Monday, Jan. 13, 2020
Doors open at 5:30 p.m.; program begins at 6 p.m.
The Sebastian-Vail |Vail
Forty years ago, a group of Iranian militants seized 98 people at the U.S. Embassy in Tehran in what became known as the Iran hostage crisis. All remaining hostages were released from captivity 444 days later. But the damage was done. In the intervening decades, Americans have held an overwhelmingly unfavorable view of Iran. According to 2019 Gallup polling, 82 percent of Americans view Iran unfavorably.
The current administration has pursued a policy of “maximum pressure” against Iran which includes harsh economic sanctions and pulling out of the Iran Nuclear Treaty that was negotiated during the Obama Administration and included five other major powers. For its part, Iran has not shied away from provocative and deadly behavior towards the United States and its Middle Eastern allies.
On January 3, 2020, Qassem Soleimani, the head of Iran’s elite Quds military force and one of the most powerful figures in the Islamic Republic, was killed in an American airstrike in Baghdad. Did the United States avert escalating hostilities with this airstrike, or throw gasoline on the fire?
In this incredibly timely program, Milani will provide a look into the turbulent internal dynamics of Iranian society, particularly as it relates to its troubled economy, rising unemployment and inflation, diminished options on oil, questions of succession and an increasingly assertive women’s movement. Will Iran be more democratic in the future? And how will recent events impact the United States’ policy and relationship with Iran?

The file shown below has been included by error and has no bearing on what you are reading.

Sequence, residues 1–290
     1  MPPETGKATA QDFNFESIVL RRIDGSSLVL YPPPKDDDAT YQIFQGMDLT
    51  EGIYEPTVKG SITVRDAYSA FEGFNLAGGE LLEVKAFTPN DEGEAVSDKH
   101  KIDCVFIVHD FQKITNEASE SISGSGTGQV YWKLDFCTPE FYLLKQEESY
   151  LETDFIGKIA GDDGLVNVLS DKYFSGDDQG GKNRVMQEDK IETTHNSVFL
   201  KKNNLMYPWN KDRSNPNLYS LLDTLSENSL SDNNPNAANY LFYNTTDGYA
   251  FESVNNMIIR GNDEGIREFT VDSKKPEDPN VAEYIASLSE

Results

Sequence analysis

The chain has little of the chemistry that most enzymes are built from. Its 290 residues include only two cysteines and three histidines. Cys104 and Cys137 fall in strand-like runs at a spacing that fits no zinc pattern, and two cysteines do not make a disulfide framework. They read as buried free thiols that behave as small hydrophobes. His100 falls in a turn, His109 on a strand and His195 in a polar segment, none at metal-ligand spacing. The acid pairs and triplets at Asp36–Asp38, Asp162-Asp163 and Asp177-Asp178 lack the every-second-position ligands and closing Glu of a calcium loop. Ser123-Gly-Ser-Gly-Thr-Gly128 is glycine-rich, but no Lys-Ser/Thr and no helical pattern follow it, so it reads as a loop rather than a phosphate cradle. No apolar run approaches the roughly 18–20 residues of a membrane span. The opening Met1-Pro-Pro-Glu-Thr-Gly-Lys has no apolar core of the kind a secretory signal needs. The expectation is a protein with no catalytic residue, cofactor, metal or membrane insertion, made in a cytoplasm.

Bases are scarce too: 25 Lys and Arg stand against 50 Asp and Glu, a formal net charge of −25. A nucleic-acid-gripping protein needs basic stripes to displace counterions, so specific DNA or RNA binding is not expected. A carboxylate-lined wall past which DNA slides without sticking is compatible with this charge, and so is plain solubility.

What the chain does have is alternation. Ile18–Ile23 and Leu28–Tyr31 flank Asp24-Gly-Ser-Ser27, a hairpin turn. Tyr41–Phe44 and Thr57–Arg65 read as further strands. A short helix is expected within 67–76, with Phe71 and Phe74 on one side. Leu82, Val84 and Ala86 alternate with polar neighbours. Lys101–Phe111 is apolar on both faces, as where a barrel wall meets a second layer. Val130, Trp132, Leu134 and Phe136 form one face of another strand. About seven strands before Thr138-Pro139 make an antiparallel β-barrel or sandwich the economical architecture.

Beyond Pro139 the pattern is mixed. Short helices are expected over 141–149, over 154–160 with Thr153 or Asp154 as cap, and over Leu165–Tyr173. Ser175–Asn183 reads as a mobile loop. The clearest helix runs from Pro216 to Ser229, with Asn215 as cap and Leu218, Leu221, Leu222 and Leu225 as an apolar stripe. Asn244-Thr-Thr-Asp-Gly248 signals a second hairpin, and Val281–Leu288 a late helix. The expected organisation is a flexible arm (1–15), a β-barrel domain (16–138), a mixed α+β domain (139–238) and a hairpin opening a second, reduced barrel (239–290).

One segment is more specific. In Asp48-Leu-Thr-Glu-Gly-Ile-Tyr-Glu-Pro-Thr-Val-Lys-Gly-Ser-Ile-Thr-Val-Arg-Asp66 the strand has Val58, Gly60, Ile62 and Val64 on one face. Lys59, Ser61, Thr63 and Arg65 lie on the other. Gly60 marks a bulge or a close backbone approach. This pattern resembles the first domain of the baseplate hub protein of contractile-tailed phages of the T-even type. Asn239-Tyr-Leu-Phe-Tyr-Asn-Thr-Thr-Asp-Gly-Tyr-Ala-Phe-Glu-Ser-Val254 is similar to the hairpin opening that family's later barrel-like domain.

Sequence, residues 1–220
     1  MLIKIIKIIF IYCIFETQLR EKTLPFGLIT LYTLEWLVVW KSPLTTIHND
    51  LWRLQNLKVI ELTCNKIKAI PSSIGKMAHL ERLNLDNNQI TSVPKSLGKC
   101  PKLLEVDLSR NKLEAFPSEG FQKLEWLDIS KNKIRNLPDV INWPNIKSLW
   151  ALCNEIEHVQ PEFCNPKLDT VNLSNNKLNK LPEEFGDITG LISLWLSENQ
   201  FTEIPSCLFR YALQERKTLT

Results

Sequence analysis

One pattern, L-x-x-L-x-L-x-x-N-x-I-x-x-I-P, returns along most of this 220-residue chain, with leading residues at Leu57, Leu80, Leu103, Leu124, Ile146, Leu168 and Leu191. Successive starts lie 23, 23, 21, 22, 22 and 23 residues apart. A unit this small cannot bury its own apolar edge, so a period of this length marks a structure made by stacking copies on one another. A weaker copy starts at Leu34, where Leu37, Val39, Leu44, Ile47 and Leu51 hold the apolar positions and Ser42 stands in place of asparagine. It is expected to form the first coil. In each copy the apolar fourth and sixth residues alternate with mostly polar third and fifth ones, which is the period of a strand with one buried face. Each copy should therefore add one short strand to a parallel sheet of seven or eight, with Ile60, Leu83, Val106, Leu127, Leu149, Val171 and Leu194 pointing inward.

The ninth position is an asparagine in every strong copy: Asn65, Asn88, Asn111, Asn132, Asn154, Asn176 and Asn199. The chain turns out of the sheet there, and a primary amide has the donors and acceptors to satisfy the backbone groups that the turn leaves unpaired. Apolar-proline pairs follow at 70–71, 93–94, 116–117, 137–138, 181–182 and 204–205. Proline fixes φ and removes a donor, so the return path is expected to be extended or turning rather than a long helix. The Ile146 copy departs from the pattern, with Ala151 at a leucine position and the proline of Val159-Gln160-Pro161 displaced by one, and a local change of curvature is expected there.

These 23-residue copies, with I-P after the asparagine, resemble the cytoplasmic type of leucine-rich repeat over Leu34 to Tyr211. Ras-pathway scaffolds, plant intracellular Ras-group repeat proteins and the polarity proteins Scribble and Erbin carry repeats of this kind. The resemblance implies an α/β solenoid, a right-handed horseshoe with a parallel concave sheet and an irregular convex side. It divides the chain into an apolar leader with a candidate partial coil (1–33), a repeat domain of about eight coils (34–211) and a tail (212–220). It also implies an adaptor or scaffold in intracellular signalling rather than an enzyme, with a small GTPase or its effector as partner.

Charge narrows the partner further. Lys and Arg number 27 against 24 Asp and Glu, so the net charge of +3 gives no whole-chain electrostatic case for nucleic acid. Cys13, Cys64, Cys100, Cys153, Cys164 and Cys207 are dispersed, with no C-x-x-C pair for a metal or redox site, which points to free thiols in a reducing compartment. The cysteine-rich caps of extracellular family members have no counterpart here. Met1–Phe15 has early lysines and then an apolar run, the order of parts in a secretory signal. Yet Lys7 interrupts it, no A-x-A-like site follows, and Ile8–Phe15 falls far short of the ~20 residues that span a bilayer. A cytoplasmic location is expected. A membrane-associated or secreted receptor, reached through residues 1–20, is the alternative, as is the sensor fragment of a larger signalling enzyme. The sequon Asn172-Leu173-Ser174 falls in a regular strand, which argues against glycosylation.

As events continue to unfold, this program will undoubtedly change as well to reflect the most up-to-date information and news.
Abbas Milani is the Hamid & Christina Moghadam Director of Iranian Studies at Stanford University. He has been one of the founding co-directors of the Iran Democracy Project and a research fellow at the Hoover Institution. His expertise is U.S.-Iran relations as well as Iranian cultural, political and security issues. Until 1986, he taught at Tehran University’s Faculty of Law and Political Science, where he was also a member of the Board of Directors of the university’s Center for International Relations. After moving to the United States, he was the Chair of the Political Science Department at the Notre Dame de Namur University for 14 years. For eight years, he was a visiting Research Fellow at the University of California, Berkeley’s Middle East Center.
From his “boots on the ground” news coverage in more than 80 countries around the world, including on-the-ground coverage of the revolution and then the hostage crisis in Iran, moderator Greg Dobbs is a professional speaker on global affairs, the author of two books (with two more in the works) and a journalist for almost 50 years, spending most of his time as a correspondent for two American television networks. Greg is the winner of three Emmy awards and the “Distinguished Service Award” from the Society of Professional Journalists.
This program is underwritten by Sandy & Fred Pack and Pat & Larry Stewart
The Geopolitics Series is graciously underwritten by Cindy Engles